minnedosa musings

The Greyhound bus made it to Minnedosa, Manitoba, but no further. We had started out on a newer Motor Coach Industries bus at 12:01 a.m.

The Greyhound bus made it to Minnedosa, Manitoba, but no further.

We had started out on a newer Motor Coach Industries bus at 12:01 a.m. from Edmonton.

The Winnipeg-bound schedule posted our arrival time there exactly 20 hours and 44 minutes later if all went well. It didn’t.

No signs of trouble disturbed the road hum as we sped into the dawn near North Battleford.

The yellow squares of maturing canola fields brightly patched the prairie quilt work landscape from Saskatoon on to Dauphin, Manitoba.

The last farm before we climbed up into Riding Mountain National Park, though, had grown a thick crop of cars.

Countryfest was going strong.

No sound made it as far as the highway from what advertises itself as the longest running if not most well-known country music festival in Canada.

The spruce-dark outline of the park had fallen well behind us when we headed down into the valley of the Little Saskatchewan River.

A traditional river crossing initially provided the rationale for the siting of Minnedosa who’s Sioux name means ‘flowing waters.’

The Carlton Trail then the railroad provided permanence and eventually settlers to the area.

We made it past the agency stop at a convenience store, across the bridge and a couple of blocks further on up Main Street when we pulled over. The brakes on the cargo trailer had seized.

Our veteran driver did everything in the book to get us back on the road but nothing helped.

Finally he called the depot in Brandon an hour south of us for assistance. They sent a relief bus out.

We waited. Minnedosa on a long holiday weekend like Whitehorse is definitely quiet.

The attraction of the nearby national park and Countryfest surely accelerated the exodus from this town of 3,000.

A real permanent decline, though, had already been affecting Minnedosa and the whole of western Manitoba for well over a couple of generations now.

When the first European homesteaders came into the region they were pretty much wed to the land.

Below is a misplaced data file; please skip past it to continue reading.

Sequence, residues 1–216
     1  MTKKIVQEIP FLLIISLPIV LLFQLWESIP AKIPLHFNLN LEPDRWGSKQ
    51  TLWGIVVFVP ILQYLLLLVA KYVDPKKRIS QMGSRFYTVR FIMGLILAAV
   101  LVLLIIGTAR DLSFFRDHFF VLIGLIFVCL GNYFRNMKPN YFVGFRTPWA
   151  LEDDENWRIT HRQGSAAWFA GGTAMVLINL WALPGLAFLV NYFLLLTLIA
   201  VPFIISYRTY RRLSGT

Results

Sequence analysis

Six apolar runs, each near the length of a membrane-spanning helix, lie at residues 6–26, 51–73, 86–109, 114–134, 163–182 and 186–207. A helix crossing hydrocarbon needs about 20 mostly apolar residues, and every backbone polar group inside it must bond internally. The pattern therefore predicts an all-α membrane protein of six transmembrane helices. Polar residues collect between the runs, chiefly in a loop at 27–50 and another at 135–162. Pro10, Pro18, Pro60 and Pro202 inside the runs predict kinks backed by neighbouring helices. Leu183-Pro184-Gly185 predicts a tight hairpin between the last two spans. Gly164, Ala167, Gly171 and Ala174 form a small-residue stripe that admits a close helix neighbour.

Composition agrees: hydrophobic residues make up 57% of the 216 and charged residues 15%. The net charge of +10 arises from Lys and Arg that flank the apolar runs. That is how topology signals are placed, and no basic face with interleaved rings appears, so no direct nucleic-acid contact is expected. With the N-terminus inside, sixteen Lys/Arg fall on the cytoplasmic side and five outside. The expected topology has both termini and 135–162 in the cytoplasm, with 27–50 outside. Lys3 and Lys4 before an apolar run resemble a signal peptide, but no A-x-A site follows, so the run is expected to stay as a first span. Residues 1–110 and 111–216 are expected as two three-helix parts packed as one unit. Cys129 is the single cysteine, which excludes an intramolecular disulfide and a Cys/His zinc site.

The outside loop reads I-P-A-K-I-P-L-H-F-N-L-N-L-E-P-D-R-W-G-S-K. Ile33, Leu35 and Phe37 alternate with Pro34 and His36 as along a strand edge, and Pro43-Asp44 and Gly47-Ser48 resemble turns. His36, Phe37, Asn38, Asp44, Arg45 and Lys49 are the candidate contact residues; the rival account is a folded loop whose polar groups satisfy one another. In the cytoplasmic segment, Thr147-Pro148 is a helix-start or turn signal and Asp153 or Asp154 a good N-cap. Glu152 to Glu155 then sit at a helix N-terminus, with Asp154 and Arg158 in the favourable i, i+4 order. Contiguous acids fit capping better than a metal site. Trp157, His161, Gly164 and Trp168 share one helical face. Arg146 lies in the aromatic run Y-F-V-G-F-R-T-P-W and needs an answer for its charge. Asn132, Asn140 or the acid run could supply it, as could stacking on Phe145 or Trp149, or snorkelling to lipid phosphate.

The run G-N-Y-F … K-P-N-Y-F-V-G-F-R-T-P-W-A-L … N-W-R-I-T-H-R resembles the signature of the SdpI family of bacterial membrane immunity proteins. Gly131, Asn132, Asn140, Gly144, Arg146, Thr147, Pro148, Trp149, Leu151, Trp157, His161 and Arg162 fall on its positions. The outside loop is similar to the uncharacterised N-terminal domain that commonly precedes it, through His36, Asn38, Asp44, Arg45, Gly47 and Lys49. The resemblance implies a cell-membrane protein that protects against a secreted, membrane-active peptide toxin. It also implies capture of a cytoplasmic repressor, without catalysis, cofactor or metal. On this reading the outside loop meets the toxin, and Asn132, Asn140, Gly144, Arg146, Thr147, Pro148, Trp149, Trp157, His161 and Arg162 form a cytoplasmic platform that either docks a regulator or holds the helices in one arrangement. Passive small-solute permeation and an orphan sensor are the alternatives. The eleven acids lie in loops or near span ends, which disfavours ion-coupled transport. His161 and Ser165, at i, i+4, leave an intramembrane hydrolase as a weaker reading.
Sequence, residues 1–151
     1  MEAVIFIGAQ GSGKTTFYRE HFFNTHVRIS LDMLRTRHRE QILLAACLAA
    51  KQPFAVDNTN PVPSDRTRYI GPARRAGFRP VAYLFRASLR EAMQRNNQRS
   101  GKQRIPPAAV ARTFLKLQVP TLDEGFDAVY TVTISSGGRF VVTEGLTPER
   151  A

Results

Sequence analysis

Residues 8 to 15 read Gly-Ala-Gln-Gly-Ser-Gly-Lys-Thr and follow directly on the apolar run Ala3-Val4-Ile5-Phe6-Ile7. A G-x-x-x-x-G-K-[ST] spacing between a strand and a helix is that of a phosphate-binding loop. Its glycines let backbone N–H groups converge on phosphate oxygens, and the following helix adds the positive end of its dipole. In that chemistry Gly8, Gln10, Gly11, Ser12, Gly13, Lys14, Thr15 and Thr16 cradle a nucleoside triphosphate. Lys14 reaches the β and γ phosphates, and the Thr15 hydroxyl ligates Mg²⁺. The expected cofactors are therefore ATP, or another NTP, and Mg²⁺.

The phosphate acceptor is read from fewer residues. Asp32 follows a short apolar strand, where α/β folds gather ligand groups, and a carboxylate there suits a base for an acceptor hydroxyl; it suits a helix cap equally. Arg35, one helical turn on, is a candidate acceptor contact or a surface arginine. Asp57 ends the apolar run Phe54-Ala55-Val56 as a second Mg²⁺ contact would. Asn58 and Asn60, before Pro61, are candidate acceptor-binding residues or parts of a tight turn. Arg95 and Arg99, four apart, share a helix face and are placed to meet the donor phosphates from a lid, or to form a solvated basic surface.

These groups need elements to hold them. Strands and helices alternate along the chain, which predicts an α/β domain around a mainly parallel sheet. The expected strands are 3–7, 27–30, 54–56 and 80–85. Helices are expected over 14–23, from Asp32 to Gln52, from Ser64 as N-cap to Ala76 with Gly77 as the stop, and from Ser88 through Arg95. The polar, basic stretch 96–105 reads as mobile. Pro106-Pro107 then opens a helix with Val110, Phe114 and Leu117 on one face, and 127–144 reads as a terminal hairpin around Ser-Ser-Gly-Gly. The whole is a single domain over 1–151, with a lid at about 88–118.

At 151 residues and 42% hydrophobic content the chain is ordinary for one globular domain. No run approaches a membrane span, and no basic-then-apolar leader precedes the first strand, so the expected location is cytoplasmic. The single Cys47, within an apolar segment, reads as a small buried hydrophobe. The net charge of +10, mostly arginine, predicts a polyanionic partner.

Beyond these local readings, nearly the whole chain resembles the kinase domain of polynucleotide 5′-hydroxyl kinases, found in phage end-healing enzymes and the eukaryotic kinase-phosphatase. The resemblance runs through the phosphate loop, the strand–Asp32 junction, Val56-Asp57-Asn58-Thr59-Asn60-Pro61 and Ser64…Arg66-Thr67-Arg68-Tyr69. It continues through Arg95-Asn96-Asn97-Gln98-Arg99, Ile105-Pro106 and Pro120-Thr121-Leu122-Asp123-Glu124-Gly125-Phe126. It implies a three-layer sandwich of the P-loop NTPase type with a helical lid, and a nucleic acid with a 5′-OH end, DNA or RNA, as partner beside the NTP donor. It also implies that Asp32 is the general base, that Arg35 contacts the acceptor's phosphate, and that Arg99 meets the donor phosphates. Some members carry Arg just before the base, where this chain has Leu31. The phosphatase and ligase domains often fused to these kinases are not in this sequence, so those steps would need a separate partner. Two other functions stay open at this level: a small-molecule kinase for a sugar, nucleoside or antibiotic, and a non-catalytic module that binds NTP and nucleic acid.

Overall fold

For a $10 fee they could claim 64 hectares, a quarter section, of prairie parkland.

To win permanent title they had clear two hectares in the first year. By the second year those broken acres had to be cropped and another four hectares cleared and turned.

Finally a house had to be built and occupied by the end of the third year.

A quarter section of reasonably good land could and did support many a family. After a couple of generations, changes in agricultural and transportation technology began to alter the demographic landscape.

Harry Zoltok, a Winnipeg motor and body shop owner, would indirectly contribute to those changes by building his first bus in 1933.

By 1941 when Motor Coach Industries evolved from Zoltok’s initiative, the Depression and collapse of agricultural commodity prices had begun a serious rural flight to the cities across the West.

A postwar boom accelerated the trend towards bigger and bigger farms.

The broad based skill set needed to run a mixed farm gave way to increased mono-cropping and specialization.

Fewer farms meant fewer people on the land.

Schools closed.

Hamlets and villages vanished from the map. Agricultural service centres like Minnedosa just barely held their ground.

The advent of the North American Free Trade Agreement in 1994 certainly contributed to the continued outflow of human and financial resources from rural Canada.

Global economic integration on all fronts helped to seal the fate of such Prairie icons as the once-ubiquitous wooden grain elevator. Like those quarter-section family farms, they are now nearly historical landmarks.

Greyhound of Canada took control of MCI in 1948.

They operated it until 1994 when Grupo Dina of Mexico bought them out.

Our bus was built in Mexico by a company now headquartered in Illinois.

Their corporate history mirrors the trends affecting rural Manitoba.

Efficiency and profitability in our globalized era trump local social and political concerns.

Economic globalization can’t continue to be rationalized at the expense of basic democratic values and human needs.

A spare bus came and eventually we got back on the road.

Somehow we need to get globalization back on the road towards basic social justice, environmental integrity and equality as well.